Knowing how to remove stable stains is a crucial skill for every owner of a grey or coloured horse. It is a fact of life that these horses will find the sole pile of dung in an otherwise spotless bed to lie in. And it’s not just the manure – grass stains and mud can be equally hard to shift.
There’s no point hoping stains will fade, rub off or magically disappear from your horse’s white coat, and the same goes for yellowed tails. Instead, tackle them as soon as possible. You’ll need elbow grease, some good brushes and the best shampoos and stain-removing products for your horse.
How to remove stable stains: step-by-step
Initially, use a curry comb or grooming mitt with rubber pimples to lift up the dirt, before brushing off with a long dandy brush. The excess mud or muck will now have gone, but the white coat is likely still to be stained and will need some products to return it to its former glory.
The best shampoos to use on greys have a blue or purple tint and UV brighteners, which help to highlight the whiteness of the horse’s coat, neutralise stains and reflect light. These whitening and brightening shampoos are specifically designed for washing grey and coloured horses, and white socks, such as Carr & Day & Martin Gallop Stain Removing Shampoo, a concentrated purple formula. As with your own hair, apply the product directly to a wet coat, work in well with a brush or sponge to create a good lather and rinse thoroughly. For stubborn stains, repeat the process.
Stain removers are particularly useful in winter, when it’s too cold to give your horse a full soaking. They are also handy on show days when you need a last-minute touch-up. They are no-rinse products which you can spray directly on to the stain, massage into the coat and then brush or wipe off, such as Cowboy Magic Green Spot Remover. This also contains conditioner to strengthen the hair and condition the skin, plus shea butter to give a shine to the coat.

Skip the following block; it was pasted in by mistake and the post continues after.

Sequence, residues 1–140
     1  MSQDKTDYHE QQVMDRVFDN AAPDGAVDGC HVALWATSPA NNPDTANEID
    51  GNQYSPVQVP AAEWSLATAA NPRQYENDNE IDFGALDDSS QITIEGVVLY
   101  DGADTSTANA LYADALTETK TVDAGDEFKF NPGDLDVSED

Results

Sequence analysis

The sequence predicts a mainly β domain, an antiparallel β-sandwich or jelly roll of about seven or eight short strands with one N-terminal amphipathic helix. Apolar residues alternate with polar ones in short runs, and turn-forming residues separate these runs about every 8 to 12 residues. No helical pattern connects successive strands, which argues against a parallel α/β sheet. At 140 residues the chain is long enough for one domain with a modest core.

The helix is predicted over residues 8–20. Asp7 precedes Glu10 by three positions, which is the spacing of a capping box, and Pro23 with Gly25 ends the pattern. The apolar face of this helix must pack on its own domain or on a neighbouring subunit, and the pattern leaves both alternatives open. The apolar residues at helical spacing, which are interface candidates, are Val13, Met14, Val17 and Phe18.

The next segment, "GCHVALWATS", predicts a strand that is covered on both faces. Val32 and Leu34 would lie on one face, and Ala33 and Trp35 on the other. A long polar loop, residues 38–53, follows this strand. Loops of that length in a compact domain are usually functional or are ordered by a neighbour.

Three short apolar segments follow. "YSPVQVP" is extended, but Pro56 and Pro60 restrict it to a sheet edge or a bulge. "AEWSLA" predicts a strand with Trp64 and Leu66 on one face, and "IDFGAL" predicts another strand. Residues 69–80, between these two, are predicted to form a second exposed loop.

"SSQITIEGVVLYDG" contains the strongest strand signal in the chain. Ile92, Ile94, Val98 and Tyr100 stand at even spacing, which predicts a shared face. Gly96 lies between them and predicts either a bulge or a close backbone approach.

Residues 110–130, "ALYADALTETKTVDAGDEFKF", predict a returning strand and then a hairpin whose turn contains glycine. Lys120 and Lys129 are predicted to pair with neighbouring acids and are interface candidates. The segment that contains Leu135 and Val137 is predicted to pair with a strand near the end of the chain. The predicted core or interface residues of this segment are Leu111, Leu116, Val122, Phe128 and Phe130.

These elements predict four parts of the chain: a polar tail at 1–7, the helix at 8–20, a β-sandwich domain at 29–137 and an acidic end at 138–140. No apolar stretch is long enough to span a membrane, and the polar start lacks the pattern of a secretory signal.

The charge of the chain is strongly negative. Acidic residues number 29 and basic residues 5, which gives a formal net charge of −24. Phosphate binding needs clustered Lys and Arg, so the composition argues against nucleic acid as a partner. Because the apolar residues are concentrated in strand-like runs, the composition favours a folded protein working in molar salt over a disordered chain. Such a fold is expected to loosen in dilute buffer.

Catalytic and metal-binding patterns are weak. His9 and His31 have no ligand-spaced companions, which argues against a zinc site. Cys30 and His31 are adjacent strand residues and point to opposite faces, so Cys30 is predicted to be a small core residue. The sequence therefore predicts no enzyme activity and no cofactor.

The finishing touches
A thorough bath is all very well for everyday stains, but when you need grey horse or white socks to gleam brightly at a show, a whitening product is the answer. These can be used both on the coat and for super white socks to wow the judges. There are different formulas – some come as a powder which can be added to the final rinsing water and allowed to dry on the coat; some can be applied the night before under leg bandages; some come in a paste form. Here are a few options:
- Supreme Products Leg and Body Whitener is a non-sticky powder which can either be diluted and left to dry or brushed on to last-minute stains with a damp brush.
- Absorbine Showsheen Stain Remover and Whitener Spray contains oxi-eraser stain lifters, designed to clean the stain and whiten in one go.
- Gold Label Chalk Powder is another popular choice – it just needs to be applied with a dry cloth and the excess brushed off.
How to remove stable stains if all else fails…
Some owners take a less conventional approach.
A household washing detergent, such as Fairy liquid or Persil, in hot water is said to work wonders on cleaning grey tails, especially for mares, whose tails can become stained with urine. Detergents are not recommended for use on horses’ skin, and can strip the natural oils, so make sure you only clean the hairs below the dock so that the detergent does not come into contact with the skin. Mix up a bucket of hot water with a squirt of Fairy or a couple of tablespoonfuls of Persil, put the bottom half of the tail in and hold up for as long as you can. Rinse thoroughly, if necessary using a conditioner to ensure all traces of the detergent have been washed out.
A coat shine spray can help minimise the traction of dirt and manure on to the coat. By making the coat slightly slippery, the muck is more likely to slide off instead of penetrating the hair shaft. However, take care not to use them in the saddle area.
How to prevent stable stains and keep the dirt away
We all know that prevention is better than cure. For stabled horses, skip out as regularly as possible. Rugs, stable sheets and hoods will protect the body and mane. Plait or double up the tail overnight and bandage the lower half while the horse is stabled the night before the day when it absolutely has to be sparkling clean. Simpler still, buy a tail bag, or make one out of a leg of an old pair of tights.
They say that the best way to keep a grey horse clean is not get one in the first place – but there’s a reason Desert Orchid, Milton and Avebury stole our hearts.
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